Motor neurons innervating hindpaw muscles (FDB and lumbricals) are more impacted in CMT2D mice than those targeting forepaws (lumbricals) followed by more proximal muscles (ETA and TVA) (Fig. 4). This indicates a general distal-to-proximal vulnerability axis consistent with length-dependent axon degeneration. However, adjacent muscles innervated by neurons of similar length show significant distinctions in denervation (Supplementary Table S1), suggesting that additional factors contribute to NMJ vulnerability. Fast-fatiguable motor neurons innervating fast twitch muscle fibres are more susceptible to degeneration in amyotrophic lateral sclerosis (ALS) than motor nerves contacting slow twitch fibres42. To assess whether this is also observed in CMT2D, we correlated previously published fast twitch fibre type percentages32,40,41,43,44,45 with mutant Gars mouse denervation (Supplementary Fig. S2). No relationship was observed indicating that fibre type is unlikely to be driving inter-muscle disparities in neuropathy.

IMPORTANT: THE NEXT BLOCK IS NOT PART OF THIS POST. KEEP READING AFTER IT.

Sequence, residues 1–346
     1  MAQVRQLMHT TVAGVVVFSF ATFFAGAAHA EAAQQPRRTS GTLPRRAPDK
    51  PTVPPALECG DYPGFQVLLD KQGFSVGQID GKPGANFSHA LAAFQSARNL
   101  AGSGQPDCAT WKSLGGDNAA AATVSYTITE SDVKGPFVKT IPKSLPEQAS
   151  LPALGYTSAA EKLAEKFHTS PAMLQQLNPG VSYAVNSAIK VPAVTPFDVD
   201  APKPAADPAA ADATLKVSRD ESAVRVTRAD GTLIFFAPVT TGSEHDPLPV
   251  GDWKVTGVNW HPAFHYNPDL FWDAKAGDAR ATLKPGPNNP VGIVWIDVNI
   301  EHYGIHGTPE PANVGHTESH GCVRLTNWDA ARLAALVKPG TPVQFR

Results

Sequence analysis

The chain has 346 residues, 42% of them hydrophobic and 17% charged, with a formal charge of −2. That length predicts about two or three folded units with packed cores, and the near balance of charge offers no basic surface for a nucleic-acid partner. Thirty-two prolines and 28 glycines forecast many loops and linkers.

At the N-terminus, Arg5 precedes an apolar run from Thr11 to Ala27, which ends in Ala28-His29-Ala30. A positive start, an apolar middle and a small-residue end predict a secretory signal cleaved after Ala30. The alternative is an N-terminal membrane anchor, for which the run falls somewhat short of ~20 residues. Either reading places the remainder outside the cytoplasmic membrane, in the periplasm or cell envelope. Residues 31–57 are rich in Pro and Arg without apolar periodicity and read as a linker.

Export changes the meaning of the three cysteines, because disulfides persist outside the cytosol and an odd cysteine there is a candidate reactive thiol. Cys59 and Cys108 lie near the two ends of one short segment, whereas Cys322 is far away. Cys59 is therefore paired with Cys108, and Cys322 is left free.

CMT2D denervation correlates with demand for post-natal NMJ growth